Actively Aging: Why you should add a yoga practice to your daily routine
The power of yoga
Below are some of the top reasons, as explained to Peak NV from a trio of Sierra Nevada yogis, why you should bring yoga into your life:
Brain Health: By continuously learning through age, the mind never stops working. People who continue to develop skills as they are actively aging improve their brain health and function, also a benefit of practicing yoga.
Muscle Strengthening: Yoga strengthens the body through stretching and movement — therefore, counter-stretching muscle groups through various styled classes helps train all parts of the body and keeps yogis from breaking down through too much repetition and pushing too hard.
Peace of Mind: Taking time to reflect and practice mindfulness has stress-relieving benefits. Breathing slowly and steadily helps the body to relax and rejuvenate its systems while giving the practitioner some much needed mental and emotional space.
Acceptance in Your Tribe: The yoga community is deeply rooted in encouragement and kindness toward others. Joining a yoga studio will not only improve your physical health, it will also give you a place to belong with likeminded people.
There’s a saying, “if you can breathe, you can do yoga.” As Sierra Nevada yoga experts explain, the exercise isn’t just about what shape you make with your body — it’s about being present, breathing, connecting with yourself and reaching new goals.
“We are all aging, and we are all feeling it! None of us escape aging, and bodies by their very nature wear out,” Amy Joytir, co-owner of Carson City Yoga (www.carsoncityyoga.com), told Peak NV. “Any life that is lived, even a well-lived life, leaves its mark on the bodies that we live through. How do we come to appreciate our bodies in the presence of aches and pains, and how do we cultivate more patience with ourselves, more balance both metaphorical and literal?”
In Reno, Kimberlee Orenstein, founding director of Yoga Loka (www.yogalokareno.com), says the aging community is her main clientele, and almost all of her featured classes are suitable for people experiencing limited movement, past injuries or looking for a slow and supported class flow.
“My passion comes from this idea of not just living well, but dying well,” Orenstein said. “No one teaches us about that — our culture doesn’t necessarily talk about dying and getting old and what to do when you get there, so it’s about taking care of not just our body but our spirit as well.”
Yoga offers its practitioners the invaluable luxury of time and space, inviting people to look inward, Joytir said.
“The power of breath, of ease, of relaxation cannot be underestimated in our society, in our current times,” she said. “We live in a world that is busy and rushed, with excessive information at our fingertips. It is easy to feel overwhelmed and anxious. To take time out to pause, to breathe slowly and evenly, even if it’s only two minutes a day, can be powerful in helping us deal with this constant noise and change.”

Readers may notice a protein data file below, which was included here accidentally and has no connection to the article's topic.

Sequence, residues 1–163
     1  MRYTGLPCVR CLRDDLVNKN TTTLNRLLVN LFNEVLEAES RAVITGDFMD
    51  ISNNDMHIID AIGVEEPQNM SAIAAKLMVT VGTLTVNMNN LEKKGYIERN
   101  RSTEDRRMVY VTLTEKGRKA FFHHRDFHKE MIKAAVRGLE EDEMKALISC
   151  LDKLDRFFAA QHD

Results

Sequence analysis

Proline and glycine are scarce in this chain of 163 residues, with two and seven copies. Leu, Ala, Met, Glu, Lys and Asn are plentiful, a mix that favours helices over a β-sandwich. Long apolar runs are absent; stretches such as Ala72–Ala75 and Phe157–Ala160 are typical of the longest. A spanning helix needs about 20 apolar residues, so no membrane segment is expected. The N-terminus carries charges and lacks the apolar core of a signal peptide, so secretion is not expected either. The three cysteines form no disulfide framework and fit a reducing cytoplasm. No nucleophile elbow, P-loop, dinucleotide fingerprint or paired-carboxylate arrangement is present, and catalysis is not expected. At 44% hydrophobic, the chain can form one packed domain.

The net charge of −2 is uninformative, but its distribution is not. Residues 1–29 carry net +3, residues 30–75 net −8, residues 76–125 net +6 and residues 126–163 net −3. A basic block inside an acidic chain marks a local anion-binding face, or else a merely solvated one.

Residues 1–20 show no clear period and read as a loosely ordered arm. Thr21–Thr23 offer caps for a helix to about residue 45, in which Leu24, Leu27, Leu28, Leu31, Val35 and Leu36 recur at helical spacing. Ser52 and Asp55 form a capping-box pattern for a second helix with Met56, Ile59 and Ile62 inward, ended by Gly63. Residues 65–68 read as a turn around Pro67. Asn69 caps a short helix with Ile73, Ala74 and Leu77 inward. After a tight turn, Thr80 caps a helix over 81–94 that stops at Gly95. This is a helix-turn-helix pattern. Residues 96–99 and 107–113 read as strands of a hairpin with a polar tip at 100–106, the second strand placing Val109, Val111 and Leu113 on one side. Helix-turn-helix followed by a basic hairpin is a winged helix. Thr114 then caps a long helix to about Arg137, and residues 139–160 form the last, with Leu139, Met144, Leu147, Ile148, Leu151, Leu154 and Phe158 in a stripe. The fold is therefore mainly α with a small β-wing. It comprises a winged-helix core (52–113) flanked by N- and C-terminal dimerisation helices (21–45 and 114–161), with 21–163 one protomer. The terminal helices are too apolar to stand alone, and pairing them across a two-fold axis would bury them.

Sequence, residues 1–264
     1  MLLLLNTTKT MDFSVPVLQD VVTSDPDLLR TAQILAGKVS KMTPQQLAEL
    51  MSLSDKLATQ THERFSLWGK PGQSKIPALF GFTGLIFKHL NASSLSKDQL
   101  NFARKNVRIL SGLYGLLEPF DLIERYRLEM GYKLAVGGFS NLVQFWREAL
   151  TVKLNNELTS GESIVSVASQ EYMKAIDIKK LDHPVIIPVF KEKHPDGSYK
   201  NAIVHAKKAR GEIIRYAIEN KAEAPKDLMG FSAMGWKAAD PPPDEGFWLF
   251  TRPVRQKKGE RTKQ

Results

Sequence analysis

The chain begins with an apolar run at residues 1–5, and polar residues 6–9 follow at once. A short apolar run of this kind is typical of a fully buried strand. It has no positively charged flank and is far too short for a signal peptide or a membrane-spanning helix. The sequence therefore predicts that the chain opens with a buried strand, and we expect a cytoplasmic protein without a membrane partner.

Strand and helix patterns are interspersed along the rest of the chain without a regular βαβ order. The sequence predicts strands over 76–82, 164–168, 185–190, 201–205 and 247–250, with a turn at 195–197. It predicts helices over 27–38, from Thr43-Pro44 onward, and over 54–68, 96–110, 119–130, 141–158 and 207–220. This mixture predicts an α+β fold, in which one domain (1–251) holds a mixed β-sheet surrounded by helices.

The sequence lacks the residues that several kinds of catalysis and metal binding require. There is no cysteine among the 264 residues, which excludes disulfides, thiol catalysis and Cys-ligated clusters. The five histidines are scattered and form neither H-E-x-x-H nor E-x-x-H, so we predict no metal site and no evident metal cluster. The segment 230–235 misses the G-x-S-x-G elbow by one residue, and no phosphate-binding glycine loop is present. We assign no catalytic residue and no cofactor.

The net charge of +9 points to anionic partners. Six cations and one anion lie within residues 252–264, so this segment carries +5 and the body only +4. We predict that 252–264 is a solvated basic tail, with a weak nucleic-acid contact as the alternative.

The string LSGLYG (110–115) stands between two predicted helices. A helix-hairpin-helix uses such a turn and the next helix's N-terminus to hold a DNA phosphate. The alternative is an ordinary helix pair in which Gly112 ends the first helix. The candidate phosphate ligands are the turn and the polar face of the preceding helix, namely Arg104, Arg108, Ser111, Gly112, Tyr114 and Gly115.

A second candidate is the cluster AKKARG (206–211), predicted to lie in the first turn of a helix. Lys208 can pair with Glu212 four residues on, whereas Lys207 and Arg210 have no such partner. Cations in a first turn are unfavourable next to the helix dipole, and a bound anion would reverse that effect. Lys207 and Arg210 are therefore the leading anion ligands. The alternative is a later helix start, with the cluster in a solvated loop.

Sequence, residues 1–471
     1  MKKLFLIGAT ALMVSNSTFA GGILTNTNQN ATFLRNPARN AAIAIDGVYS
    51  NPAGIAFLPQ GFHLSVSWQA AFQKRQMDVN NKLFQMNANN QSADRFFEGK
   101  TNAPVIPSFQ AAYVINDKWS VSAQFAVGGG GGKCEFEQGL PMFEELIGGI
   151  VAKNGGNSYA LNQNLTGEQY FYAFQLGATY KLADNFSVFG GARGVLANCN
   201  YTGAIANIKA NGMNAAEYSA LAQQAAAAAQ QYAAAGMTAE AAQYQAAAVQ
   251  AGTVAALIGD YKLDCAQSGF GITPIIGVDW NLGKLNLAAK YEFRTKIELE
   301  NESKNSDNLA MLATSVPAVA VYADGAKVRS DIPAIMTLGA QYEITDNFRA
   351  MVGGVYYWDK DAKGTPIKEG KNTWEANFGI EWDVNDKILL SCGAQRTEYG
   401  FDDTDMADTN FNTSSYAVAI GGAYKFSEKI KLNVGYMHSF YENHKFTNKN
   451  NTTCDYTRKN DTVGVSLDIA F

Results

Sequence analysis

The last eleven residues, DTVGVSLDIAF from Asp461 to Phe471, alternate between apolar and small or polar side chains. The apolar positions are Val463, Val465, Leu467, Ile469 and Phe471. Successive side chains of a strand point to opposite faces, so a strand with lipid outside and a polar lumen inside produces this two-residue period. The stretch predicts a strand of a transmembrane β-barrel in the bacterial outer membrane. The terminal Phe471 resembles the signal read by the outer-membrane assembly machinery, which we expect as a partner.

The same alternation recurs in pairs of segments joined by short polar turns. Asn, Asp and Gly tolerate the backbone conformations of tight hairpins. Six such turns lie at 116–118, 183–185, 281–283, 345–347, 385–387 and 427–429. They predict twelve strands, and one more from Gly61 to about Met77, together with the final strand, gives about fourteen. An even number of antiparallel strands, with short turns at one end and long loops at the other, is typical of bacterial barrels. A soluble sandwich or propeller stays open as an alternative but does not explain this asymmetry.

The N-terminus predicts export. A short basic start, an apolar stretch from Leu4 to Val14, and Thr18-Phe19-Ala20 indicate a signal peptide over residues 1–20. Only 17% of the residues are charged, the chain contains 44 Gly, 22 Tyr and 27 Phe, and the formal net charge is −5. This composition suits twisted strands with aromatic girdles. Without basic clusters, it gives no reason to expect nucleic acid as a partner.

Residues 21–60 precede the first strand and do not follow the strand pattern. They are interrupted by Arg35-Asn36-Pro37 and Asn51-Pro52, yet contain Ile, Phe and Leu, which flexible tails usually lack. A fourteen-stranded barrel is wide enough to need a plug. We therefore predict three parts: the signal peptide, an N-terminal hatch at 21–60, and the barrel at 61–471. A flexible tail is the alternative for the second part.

From a purely physiological standpoint, working with gentle breathing and mindfulness can help the body switch its nervous system from a “fight/flight/freeze state,” Joytir said, to a more relaxed and healthy state.
Doing this impacts one’s entire body — including the immune system.
“Breath and gentle movement are powerful tools to return us to ourselves,” Joytir said.
Orenstein added it’s imperative to care for yourself before you’re able to care for others.
“If you’re wild out of your mind worried, anxious, depressed; if your emotions are getting carried away because of what’s going on in your brain, then just getting yourself to take five minutes a day to breathe and find stillness — imagine what our community would be like if everybody just sat for five minutes and connected to themselves,” she said.
Nestled in Truckee’s mountain town is Truckee Yoga Collective (www.truckeeyogaco.com), launched by owners Meghan Ruiz and Hawley Kobayashi, to provide safe, educated yoga with plenty of classes perfect for yogis of all ages looking to find strength and peace.
The mindset there is to make yoga more available and less intimidating to more people — regardless of age — by creating a comfortable environment.
“Finding yoga in middle age allowed me to notice changes in my body, mind and heart,” Kobayashi said. “It relieved a lot of anxiety and helped me cope with the most difficult time in my life, which was my mother’s illness with Alzheimer’s, and she died at 76 years old. Yoga helped me keep myself sane through meditation and movement.”
Further, Joytir explained movement helps keep aging bodies — which tend to become stiff and achy — more fluid, adding working with balance is a functional skill.
“By keeping the body moving, we can maintain the skills of getting up and down off the floor, or even the ability to get up and down out of a chair more easily,” she said. “We also play with balance in class, using chairs or the wall as supports, and we celebrate wobbling and falling off center, because these are things that teach us how to catch ourselves.”
In keeping with the healthy mindset, yoga is also recommended for people who want to improve their brain health and heal injuries, as well as to be part of a community of likeminded people and to reach goals for life.
“I’ve had more than three people in particular tell me that yoga has saved their lives — they’ve improved their health and patience and found community and acceptance,” Kobayashi said.